The Olympics won’t usher in a pro-growth energy policy that moves Japan away from coal and nuclear reactors. It won’t prod millennials or General Z members to take greater risks. It won’t narrow the gender pay gap or challenge Japan’s patriarchy. And it won’t incentivize companies to boost wages, kicking off the virtuous cycle Abe hoped to generate.

Only bold, forward-looking reforms can generate the upgrades needed to restore Japan to vitality. The economics of nostalgia in which Abe’s government is indulging only treats the symptoms of why Japan’s economy has underperformed for 20 years.

Sure, Japan is politically and societally stable. Nor have deflation and stagnant wages led to the kind fissures–crime remains low and homelessness rare–they might emerge elsewhere. But in the Chinese era, Japan has two choices. One, accept lower living standards as regional upstarts boom. Two, ramp up innovation that creates new jobs and wealth.

Clearly, option No. 2 is the wiser route. But if Tokyo thinks the Olympics is the answer, it’s setting itself up for failure. How did the 2016 Games work out for Brazil? Or 2012 for a United Kingdom torching its future with the brawl over Brexit?

Did the 2008 Games revolutionize China, which has become even more of a black box since then? In 2004, Greece won a gold medal for overspending and hastened the onset of a financial crisis from which it’s still extricating itself.

Japan isn’t courting a crisis. But history is almost sure to show that the seven years between winning the Games in 2013 and the actual event were a lost period for major policy moves to ensure forward motion. Japan needs to level the playing fields, not just provide a few for visiting athletes.

I am a Tokyo-based journalist, former columnist for Barron’s and Bloomberg and author of “Japanization: What the World Can Learn from Japan’s Lost Decades.” My journalism awards include the 2010 Society of American Business Editors and Writers prize for commentary.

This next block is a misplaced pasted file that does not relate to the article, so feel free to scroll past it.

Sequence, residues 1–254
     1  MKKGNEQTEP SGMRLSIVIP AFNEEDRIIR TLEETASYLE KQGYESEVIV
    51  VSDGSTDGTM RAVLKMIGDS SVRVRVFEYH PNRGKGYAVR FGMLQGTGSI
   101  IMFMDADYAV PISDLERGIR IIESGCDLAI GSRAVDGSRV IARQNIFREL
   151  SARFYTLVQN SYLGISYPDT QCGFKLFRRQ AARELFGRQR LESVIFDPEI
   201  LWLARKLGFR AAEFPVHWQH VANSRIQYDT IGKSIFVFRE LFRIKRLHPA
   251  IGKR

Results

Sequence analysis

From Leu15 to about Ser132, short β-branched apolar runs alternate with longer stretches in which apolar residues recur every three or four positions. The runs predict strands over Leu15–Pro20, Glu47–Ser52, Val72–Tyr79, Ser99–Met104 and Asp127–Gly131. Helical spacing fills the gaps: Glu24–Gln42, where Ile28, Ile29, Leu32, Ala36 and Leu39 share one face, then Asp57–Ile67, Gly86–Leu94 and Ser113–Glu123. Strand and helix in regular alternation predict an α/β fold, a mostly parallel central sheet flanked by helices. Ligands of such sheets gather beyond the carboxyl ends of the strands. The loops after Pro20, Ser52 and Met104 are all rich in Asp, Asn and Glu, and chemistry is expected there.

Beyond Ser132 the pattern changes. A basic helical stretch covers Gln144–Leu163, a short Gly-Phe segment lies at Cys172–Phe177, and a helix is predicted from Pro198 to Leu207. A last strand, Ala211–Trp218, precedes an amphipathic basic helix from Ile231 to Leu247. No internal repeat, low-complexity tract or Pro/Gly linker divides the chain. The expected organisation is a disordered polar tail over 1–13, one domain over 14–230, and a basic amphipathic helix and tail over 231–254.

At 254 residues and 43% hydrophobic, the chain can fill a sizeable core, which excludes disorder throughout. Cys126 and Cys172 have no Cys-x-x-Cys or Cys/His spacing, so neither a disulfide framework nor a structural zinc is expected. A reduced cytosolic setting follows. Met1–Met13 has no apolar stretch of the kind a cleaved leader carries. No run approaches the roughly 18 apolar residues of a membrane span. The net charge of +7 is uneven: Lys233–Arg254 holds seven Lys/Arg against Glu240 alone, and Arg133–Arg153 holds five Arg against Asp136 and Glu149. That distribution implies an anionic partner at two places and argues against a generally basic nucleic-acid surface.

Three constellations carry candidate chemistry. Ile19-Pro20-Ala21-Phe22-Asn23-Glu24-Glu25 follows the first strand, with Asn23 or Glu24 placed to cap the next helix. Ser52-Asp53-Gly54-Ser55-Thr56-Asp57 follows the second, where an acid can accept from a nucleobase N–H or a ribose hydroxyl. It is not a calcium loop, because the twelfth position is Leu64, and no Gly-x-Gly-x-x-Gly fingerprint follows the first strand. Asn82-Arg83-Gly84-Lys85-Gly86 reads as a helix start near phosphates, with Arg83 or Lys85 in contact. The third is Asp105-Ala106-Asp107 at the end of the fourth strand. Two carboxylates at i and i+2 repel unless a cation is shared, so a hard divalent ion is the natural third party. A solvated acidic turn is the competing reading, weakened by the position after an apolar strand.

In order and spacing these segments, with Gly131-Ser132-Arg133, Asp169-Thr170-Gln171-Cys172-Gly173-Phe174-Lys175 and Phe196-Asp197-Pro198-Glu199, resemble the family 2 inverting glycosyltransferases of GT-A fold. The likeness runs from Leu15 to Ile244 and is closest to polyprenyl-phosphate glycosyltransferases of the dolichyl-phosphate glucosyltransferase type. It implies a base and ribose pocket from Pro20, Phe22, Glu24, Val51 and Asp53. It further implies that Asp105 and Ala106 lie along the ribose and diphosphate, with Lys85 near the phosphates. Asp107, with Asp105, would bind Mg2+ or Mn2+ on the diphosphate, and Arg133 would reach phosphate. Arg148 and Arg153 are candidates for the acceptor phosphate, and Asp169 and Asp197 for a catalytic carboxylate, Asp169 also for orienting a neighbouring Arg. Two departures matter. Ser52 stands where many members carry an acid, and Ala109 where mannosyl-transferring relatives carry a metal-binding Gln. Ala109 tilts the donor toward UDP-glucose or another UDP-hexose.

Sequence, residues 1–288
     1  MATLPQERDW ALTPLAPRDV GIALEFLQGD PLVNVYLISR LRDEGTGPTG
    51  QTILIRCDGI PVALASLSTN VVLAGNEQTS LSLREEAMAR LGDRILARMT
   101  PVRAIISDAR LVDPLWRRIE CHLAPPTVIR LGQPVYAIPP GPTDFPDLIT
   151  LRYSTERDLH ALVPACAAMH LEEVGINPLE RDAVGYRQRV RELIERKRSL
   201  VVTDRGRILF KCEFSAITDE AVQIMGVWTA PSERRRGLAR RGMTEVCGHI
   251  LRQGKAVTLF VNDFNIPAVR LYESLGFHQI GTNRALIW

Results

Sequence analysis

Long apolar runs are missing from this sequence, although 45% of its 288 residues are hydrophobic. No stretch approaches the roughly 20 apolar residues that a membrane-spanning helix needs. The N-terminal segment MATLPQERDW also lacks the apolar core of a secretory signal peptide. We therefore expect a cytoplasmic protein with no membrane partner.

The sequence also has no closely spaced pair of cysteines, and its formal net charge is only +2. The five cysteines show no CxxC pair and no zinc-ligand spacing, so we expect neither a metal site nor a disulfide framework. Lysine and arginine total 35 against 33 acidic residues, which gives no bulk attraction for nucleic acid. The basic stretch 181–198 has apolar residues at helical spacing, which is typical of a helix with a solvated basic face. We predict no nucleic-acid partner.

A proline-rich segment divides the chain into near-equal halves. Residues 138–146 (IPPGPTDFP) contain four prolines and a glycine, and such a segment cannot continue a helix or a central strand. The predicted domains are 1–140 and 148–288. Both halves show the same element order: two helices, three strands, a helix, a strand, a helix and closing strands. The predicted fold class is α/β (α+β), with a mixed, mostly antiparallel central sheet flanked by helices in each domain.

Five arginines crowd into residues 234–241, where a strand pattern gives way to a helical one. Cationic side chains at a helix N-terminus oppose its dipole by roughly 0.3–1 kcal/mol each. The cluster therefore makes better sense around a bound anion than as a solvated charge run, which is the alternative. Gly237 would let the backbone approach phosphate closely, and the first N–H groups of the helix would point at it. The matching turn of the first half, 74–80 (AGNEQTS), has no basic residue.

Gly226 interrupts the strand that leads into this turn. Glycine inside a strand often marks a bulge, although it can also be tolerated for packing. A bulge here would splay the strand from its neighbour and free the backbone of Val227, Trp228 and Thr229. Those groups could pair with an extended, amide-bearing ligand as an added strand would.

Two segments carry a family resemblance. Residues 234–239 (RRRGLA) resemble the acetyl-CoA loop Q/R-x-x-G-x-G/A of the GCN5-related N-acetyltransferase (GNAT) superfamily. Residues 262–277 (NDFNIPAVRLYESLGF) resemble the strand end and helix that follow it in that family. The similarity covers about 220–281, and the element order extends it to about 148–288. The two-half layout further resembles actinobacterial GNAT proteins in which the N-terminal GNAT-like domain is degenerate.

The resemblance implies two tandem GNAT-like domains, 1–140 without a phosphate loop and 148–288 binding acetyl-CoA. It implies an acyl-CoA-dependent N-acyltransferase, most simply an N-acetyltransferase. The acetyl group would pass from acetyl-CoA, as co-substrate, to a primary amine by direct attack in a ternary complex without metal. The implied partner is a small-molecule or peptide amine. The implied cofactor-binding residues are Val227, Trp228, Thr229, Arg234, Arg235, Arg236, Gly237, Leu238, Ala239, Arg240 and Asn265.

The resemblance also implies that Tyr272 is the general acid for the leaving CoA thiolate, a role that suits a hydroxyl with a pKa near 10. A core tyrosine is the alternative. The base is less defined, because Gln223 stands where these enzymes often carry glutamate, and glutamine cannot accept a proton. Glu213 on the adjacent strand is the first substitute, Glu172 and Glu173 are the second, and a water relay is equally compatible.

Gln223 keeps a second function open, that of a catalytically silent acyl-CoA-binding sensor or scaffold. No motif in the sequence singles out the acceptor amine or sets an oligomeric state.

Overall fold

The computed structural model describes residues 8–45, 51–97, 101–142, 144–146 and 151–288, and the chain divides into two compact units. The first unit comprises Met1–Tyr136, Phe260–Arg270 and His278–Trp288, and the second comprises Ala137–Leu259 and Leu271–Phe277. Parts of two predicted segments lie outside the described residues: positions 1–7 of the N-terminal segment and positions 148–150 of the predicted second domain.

Source: The Olympics Deserves Gold Medal In Economic Gloom

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Next stop: Tokyo! The Winter Olympics in PyeongChang just had their closing ceremony and that means the world turns it’s attention to Japan. The Tokyo 2020 Summer Olympic Games are 2 years away, and here is what we know right now. ▶︎ WHEN ARE THE TOKYO 2020 OLYMPIC GAMES? July 24, 2020 to August 9, 2020 ▶︎ The New National Stadium It’s built on the same site as the 1964 Olympic Stadium. Designed by Kengo Kuma, it’s a very natural design surrounded by a lot of trees and parks. ▶︎ The Venues: There are 34 Venues separated into 2 zones. ▶︎ Heritage and Tokyo Bay: The Heritage zone is where the 1964 Olympics took place. Tokyo Bay is where the aquatics center, BMX and Skateboard course will be as well as other event. There are 12 events outside of these zones including foot / soccer, baseball, basketball. ▶︎ Ticket Prices for Tokyo 2020 Olympics: The average ticket price will be 7,700 yen ($72) and the opening and closing ceremonies will be between 25,000 yen ($235) and 150,000 yen ($1,400). Tickets will be sold online and at designated ticket centers in Tokyo. There are 33 sports for the Tokyo 2020 Olympics including 5 new ones: Aquatics, Archery, Athetics, Badminton, Baseball / Softball, Basketball, Boxing, Canoeing, Cycling, Equestrian, Fencing, Field Hockey, Football / Soccer, Golf, Gymnastics, Handball, Judo, Karate Modern pentathlon, Rowing, Rugby sevens, Sailing, Shooting, Skateboarding, Sport climbing, Surfing, Table tennis, Taekwondo, Tennis, Triathlon, Volleyball, Weightlifting, Wrestling Within these sports, there are 324 events. Football / soccer actually starts 2 days before the opening ceremonies. URL: https://tokyo2020.org/en/ ★ ONLY in JAPAN on instagram: http://instagram.com/onlyinjapantv Music credits: “Running Fanfare” Kevin MacLeod (incompetech.com) Licensed under Creative Commons: By Attribution 3.0 License http://creativecommons.org/licenses/b… Enter the Party by Kevin MacLeod is licensed under a Creative Commons Attribution license (https://creativecommons.org/licenses/…) Source: http://incompetech.com/music/royalty-… Artist: http://incompetech.com/

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Masters Champion Tiger Woods: By The Numbers

The 83rd Masters will go down as one of the most memorable events in modern golf history.

Many fans point to Jack Nicklaus’ unexpected run to a sixth green jacket in 1986 at 46 years old as the ultimate Augusta moment, but Tiger Woods, who has been chasing Nicklaus’ legacy his entire career, might have just topped the Golden Bear.